The Liquidator and the Administrator
The liquidator and the administrator play a central role in the effective implementation of the law. Although their respective roles differ substantially, they are similar in one important respect. As court-appointed officials, they have an obligation to ensure that the law is applied effectively and impartially. Moreover, since they normally have the most information regarding the circumstances of the debtor, they are in the best position to make informed decisions. That does not mean, however, that they are a substitute for the court: due process requires that a dispute between the liquidator and an interested party be adjudicated by a court of competent jurisdiction. Even in countries where there are serious problems with the capacity of the judiciary, there is a limit to the amount of authority that the law can confer upon these officers.
Qualifications and Appointment
To what extent should the liquidator and the administrator be required to have different qualifications? On one level, their roles would appear different: a liquidator manages, collects, and distributes assets, which may require an accounting background, while an administrator supervises the operation of a business, making recommendations on viability and, perhaps, preparing a plan, which may require a management/business background. In fact, however, the qualifications are essentially the same: a knowledge of the law, impartiality, and adequate experience in commercial and financial matters. If specialized knowledge is needed in the management of a particular business, the administrator can always hire experts. To ensure expertise and integrity, consideration can be given to establishing qualifications on the basis of a self-regulatory licensing system.
Both the liquidator and the administrator should be appointed by the court. It is generally recommended that this appointment be derived from a list of eligible candidates, which can be provided by the self-regulatory organization if one exists. To avoid collusion, appointment should be precluded when there is any evidence of a conflict of interest arising from a preexisting relationship with the debtor, a creditor, or a member of the court.
The law should permit the liquidator or administrator to be dismissed on the basis of either a decision taken by a majority of unsecured creditors or a decision of the court, acting on its own motion or at the request of any party in interest. In the latter case, the court’s decision should normally be based upon a determination that the liquidator has violated its legal duties. In contrast, dismissal by the creditors should not normally require any justification, although the law may specify that such removal without cause be made within a specified period after commencement.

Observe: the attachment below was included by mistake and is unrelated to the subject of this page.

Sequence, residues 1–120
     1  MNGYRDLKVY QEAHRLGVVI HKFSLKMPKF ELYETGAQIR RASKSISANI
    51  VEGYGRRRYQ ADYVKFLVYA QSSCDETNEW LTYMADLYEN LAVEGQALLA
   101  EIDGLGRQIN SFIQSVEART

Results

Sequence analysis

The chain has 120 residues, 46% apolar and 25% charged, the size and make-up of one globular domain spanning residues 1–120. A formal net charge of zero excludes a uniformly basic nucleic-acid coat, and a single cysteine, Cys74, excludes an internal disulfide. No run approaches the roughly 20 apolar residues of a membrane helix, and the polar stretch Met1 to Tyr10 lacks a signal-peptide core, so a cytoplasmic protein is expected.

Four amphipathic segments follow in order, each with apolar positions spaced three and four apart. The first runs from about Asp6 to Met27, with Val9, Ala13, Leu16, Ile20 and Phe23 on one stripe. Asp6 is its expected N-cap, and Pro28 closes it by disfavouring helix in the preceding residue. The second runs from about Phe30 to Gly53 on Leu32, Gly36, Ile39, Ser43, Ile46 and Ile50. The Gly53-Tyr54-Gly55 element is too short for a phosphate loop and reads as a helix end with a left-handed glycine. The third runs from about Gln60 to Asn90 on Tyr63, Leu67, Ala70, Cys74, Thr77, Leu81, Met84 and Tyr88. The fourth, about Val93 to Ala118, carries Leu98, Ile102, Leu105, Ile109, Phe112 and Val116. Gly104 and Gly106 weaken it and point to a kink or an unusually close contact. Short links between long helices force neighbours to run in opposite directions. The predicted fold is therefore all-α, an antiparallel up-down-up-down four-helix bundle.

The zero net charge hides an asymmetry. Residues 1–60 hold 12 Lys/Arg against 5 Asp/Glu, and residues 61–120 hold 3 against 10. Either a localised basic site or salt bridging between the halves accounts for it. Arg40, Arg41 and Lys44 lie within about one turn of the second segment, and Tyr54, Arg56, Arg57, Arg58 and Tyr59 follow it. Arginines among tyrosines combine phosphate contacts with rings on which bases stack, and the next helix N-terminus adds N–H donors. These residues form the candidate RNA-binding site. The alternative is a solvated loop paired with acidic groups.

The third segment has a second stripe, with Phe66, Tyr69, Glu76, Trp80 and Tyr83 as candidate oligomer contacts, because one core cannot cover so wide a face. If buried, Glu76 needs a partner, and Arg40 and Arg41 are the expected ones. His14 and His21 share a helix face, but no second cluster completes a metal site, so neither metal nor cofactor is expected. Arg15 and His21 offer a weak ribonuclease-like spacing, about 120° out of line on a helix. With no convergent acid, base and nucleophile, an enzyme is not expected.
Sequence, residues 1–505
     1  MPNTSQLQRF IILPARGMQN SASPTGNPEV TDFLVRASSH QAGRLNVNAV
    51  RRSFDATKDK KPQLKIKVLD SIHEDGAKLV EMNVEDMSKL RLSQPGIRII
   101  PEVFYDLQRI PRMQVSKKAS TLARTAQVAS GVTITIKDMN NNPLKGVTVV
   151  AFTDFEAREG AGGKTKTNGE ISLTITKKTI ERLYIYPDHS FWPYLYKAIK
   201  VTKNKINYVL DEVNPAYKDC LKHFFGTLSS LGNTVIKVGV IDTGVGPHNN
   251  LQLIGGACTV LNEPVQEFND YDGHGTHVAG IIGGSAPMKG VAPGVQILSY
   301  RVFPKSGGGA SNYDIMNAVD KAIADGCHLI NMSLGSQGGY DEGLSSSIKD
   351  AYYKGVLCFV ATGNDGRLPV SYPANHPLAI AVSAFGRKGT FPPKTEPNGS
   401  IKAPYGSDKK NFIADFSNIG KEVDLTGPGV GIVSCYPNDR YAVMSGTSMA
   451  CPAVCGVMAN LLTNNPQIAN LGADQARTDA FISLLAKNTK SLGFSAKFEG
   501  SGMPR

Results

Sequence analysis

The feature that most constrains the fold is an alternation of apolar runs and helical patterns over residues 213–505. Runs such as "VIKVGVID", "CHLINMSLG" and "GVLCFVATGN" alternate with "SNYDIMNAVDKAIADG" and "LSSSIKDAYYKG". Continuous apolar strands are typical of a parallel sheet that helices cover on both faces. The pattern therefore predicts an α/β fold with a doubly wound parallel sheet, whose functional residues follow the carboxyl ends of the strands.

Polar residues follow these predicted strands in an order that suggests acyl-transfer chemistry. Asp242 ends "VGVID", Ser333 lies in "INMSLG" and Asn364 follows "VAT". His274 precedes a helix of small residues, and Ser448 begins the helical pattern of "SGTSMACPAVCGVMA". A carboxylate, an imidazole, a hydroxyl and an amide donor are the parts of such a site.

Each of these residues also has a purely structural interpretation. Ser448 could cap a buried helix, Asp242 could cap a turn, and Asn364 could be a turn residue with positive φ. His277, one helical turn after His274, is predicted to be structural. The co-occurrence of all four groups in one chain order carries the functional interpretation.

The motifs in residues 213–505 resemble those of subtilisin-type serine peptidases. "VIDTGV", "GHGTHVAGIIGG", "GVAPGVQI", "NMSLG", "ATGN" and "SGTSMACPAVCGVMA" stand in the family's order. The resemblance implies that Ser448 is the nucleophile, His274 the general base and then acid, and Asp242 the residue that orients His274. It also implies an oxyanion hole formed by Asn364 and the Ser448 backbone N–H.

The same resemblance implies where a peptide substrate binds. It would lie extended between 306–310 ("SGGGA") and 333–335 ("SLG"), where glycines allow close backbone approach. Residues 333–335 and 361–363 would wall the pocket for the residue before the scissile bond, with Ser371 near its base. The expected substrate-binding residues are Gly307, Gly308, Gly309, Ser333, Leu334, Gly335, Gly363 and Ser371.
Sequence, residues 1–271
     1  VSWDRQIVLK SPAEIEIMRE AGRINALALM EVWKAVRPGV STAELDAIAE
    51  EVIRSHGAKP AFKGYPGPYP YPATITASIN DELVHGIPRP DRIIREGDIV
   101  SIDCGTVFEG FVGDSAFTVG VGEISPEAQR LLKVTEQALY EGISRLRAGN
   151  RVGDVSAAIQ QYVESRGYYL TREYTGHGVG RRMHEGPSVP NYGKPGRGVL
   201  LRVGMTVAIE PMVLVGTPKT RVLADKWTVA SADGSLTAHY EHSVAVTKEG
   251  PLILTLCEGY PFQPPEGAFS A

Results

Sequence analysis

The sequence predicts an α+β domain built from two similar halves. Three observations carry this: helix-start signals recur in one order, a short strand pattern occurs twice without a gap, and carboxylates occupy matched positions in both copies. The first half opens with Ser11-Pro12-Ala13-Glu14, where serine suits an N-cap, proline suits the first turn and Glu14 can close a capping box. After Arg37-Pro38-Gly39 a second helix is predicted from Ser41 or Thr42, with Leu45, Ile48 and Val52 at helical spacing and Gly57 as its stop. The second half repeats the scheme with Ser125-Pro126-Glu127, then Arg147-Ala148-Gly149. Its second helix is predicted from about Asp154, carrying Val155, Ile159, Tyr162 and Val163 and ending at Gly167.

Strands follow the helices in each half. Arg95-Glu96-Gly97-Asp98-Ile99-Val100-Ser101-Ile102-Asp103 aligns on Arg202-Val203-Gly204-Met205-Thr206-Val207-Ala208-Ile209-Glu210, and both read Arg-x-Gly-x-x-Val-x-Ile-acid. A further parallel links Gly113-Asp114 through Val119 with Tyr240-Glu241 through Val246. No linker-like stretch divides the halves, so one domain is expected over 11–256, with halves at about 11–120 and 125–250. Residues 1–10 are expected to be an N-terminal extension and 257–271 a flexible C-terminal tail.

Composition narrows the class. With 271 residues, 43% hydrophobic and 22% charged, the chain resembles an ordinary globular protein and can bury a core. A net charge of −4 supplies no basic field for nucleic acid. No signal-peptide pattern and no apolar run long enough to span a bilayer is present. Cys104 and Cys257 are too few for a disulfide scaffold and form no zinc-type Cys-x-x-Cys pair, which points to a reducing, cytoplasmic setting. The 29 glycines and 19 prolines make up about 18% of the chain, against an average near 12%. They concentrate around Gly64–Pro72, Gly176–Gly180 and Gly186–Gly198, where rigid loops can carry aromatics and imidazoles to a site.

A variety of approaches can be used when calculating fees—for example, on an hourly basis or as a percentage of the distribution to unsecured creditors (in liquidation) or assets of the enterprise (in rehabilitation). Whichever approach is followed, it is critical that it be transparent and that creditors be made aware of the method of calculation from the beginning of the proceedings. Leaving the determination of fees to the exclusive discretion of the court should be avoided.
As a court-appointed official, the liquidator and the administrator owe a duty of care to all parties in interest and therefore can be liable to all these parties for a violation of this duty. What standard of care is owed to these parties? As a general matter, the standard should not be stricter than that of negligence, a standard that will take into consideration the difficult circumstances in which a liquidator or administrator finds itself when it is fulfilling its duties. A stricter standard would make it difficult to attract qualified professionals. It should be noted that a liquidator or administrator’s liability can be effectively reduced by obtaining advance approval of creditors before the making of any key decisions (e.g., the continuation of the business during liquidation).
Given the central role that a liquidator and an administrator play in insolvency proceedings, it is important that they have an adequate knowledge of the law and sufficient experience in commercial and financial matters. To ensure that these officials have adequate integrity and expertise, countries may wish to consider establishing some form of self-regulatory licensing system.
The court should have the authority to appoint the liquidator or administrator. The law should determine the conditions under which these officials can be dismissed by either the court or a majority of unsecured creditors.